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Tell FERC: don't back down to gas industry pressure

Delivery to Federal Energy Regulatory Commission

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What’s At Stake

There’s a massively influential government agency you probably haven’t heard enough about — the Federal Energy Regulatory Commission (FERC). It oversees energy markets and ensures consumers have access to reliable, safe, secure, and affordable energy. If you turned on the lights or heated your home today, FERC likely played a part in that.

Unfortunately, the fossil fuel industry has a lot of influence over FERC decision-making — which is especially bad news given that it oversees gas infrastructure projects like major gas pipelines and export terminals. For decades, FERC has rubberstamped these gas projects without adequately reviewing their environmental impact or whether new pipelines are even needed. This has been a boon for the industry, as FERC has approved more than 99% of the gas projects it has reviewed. But more recently, FERC’s rash approval of gas projects is being rejected and FERC and the gas industry keep losing in court.

Rightfully, the courts have effectively directed FERC to better balance the pros and cons of building new gas pipelines. In response, FERC recently proposed policies that, if finalized, would require a more detailed analysis of pipelines’ adverse effects, including impacts to communities like degraded air quality from gas projects, and a more robust showing that the project will benefit the public. FERC’s policies also require it do a better assessment of greenhouse gas emissions for all the gas projects it reviews.

Predictably, the fossil fuel industry and its political allies came out in full force to attack the new policies and pressure FERC to weaken and delay implementation of its rules. Gas companies claimed the new policies create uncertainty and will reduce investment in new pipelines and export terminals. Industry-allied politicians then fear mongered about non-existent threats to national security these policies would cause. But the reality is that the policies will reduce uncertainty for all stakeholders by ensuring that new projects are legally sound.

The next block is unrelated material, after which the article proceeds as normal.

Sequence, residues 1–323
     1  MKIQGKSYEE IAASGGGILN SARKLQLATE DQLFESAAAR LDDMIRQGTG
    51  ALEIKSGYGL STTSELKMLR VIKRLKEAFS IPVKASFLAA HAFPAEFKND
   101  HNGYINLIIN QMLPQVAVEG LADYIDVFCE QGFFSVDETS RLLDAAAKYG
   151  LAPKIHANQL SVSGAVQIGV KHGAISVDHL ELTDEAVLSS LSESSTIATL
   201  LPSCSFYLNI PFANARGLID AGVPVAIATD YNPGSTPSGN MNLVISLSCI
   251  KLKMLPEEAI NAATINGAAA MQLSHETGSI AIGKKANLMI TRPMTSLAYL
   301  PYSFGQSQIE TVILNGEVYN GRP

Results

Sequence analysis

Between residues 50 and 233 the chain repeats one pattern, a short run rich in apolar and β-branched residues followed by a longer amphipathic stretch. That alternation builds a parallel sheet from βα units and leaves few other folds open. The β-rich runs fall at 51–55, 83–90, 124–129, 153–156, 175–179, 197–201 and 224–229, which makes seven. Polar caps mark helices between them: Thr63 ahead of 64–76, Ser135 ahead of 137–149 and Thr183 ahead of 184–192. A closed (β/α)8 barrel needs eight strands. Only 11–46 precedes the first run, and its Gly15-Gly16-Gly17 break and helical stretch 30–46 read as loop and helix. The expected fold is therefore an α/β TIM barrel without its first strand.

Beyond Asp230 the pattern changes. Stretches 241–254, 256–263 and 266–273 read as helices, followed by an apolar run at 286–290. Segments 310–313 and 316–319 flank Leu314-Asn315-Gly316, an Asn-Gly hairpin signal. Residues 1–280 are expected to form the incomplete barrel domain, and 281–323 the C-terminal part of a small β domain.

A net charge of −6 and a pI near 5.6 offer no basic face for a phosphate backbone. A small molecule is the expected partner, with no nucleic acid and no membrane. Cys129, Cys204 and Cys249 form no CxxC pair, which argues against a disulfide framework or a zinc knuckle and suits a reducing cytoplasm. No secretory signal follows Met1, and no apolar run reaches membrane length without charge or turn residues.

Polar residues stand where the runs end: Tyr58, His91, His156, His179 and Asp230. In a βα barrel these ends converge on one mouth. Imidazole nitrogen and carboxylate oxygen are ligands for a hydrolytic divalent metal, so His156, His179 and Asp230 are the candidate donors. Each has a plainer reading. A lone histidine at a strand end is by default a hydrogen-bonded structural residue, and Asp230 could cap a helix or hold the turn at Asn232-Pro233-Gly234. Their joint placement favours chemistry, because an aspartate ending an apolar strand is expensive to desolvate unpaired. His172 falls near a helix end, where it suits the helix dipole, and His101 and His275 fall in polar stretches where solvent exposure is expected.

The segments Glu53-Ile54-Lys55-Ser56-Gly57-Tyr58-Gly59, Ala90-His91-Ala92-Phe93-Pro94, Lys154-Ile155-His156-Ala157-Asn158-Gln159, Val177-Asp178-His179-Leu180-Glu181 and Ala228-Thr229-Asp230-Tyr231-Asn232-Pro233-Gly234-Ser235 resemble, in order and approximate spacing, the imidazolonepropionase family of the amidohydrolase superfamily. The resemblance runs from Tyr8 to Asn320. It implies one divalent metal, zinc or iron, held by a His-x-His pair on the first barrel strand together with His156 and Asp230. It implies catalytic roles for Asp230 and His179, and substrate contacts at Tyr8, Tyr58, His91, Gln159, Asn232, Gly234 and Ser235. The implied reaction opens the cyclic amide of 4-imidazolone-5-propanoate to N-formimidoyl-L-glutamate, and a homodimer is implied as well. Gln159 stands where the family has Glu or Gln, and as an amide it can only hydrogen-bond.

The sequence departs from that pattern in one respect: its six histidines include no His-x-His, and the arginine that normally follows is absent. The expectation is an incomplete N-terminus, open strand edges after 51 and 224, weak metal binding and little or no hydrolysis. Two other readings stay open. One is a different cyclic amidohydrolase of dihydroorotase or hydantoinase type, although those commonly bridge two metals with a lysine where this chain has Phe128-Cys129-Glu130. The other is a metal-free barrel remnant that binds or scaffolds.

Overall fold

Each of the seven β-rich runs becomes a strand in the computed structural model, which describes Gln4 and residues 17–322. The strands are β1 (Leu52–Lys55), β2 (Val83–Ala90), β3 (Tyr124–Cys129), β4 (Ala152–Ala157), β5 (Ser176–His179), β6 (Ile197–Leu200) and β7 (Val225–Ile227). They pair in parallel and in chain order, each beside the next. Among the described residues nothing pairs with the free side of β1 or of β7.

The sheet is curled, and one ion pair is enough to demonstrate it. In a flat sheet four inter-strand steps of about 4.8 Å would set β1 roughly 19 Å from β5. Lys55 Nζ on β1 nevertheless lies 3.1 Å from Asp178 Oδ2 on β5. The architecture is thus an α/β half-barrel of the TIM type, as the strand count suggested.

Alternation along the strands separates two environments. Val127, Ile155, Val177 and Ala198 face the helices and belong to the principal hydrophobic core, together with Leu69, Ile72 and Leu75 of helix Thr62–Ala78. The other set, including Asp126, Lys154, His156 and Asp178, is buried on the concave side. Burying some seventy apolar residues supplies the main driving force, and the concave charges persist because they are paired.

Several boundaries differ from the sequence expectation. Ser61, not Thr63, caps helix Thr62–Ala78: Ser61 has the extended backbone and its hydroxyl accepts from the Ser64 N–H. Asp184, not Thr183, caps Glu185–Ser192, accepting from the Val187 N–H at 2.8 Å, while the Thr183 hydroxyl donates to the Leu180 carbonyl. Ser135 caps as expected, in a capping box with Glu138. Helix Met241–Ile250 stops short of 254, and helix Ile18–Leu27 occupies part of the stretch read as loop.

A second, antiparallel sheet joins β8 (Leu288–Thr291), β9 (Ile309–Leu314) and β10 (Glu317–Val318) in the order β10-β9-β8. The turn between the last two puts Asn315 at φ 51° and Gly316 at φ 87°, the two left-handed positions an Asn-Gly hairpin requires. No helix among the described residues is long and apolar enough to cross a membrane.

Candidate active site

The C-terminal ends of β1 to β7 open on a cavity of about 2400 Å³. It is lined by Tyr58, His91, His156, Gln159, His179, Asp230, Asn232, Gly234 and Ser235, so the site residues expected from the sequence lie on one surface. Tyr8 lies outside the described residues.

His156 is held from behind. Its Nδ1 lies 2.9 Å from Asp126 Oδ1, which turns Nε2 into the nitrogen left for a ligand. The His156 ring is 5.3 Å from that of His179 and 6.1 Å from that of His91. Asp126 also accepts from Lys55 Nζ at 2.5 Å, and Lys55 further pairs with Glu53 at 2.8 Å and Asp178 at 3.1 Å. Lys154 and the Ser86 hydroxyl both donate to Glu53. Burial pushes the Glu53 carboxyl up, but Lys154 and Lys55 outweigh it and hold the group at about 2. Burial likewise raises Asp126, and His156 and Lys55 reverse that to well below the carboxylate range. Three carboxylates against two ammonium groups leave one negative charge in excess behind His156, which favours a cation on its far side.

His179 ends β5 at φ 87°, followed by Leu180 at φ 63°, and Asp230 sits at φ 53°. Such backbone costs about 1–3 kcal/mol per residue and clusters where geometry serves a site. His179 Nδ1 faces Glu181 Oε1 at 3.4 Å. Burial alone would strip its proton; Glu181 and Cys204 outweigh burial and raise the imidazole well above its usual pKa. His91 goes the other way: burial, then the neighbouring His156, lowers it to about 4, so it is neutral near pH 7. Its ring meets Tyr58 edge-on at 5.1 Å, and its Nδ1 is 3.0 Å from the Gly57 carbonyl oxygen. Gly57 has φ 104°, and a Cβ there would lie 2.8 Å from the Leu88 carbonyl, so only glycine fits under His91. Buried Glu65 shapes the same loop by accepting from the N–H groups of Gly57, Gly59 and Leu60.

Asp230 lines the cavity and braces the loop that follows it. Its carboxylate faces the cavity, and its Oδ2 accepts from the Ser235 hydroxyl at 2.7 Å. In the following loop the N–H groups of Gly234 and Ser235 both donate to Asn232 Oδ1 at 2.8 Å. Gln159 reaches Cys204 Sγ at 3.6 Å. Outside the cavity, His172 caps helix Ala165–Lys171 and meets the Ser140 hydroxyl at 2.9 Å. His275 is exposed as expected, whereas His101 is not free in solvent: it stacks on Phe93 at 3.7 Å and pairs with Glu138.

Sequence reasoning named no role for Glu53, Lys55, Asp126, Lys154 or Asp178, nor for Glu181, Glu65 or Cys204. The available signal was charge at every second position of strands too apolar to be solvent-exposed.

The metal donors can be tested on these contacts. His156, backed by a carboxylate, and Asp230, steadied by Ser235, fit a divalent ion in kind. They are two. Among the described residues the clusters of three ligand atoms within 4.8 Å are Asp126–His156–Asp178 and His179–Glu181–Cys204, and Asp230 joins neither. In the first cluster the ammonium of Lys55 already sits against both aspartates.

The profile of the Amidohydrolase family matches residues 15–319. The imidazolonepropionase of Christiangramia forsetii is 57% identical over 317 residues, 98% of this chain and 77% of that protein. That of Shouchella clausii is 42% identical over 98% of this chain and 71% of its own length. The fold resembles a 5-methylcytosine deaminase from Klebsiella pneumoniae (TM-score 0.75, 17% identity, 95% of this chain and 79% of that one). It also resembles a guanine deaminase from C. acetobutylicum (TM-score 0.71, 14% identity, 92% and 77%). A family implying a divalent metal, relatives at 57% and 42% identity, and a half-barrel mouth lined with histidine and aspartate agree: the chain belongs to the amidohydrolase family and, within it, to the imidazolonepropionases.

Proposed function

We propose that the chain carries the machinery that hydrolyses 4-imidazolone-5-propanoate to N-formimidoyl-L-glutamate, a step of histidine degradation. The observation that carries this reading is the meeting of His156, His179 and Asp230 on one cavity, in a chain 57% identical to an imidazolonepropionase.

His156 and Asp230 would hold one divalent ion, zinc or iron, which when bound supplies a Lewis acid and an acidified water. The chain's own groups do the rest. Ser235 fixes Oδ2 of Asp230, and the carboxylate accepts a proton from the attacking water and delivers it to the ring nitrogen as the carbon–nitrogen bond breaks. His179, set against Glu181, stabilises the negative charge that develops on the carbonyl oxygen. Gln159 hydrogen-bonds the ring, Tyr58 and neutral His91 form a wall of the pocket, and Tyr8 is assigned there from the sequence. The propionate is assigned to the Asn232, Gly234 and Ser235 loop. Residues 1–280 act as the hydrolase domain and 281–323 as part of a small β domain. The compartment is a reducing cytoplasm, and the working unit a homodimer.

Unfortunately, all of this overblown criticism worked. Just weeks after passing its pipeline policy, FERC took a step back and said it would consider changes based on industry and other feedback. And it decided not to apply the policies to pending projects until after it takes comments and finalizes the policies. As a result, FERC may continue to approve new gas projects without a thorough environmental review or showing that they are needed.

For too long, FERC has gotten away with this sort of behavior because its work is hard for the public to track. This time, it’s simple — the fossil fuel industry is afraid of what a thorough analysis of gas projects would show, and it is desperate to keep the rules rigged in its favor. We need your help to make sure things go differently. Tell FERC it’s time to hold the gas industry accountable.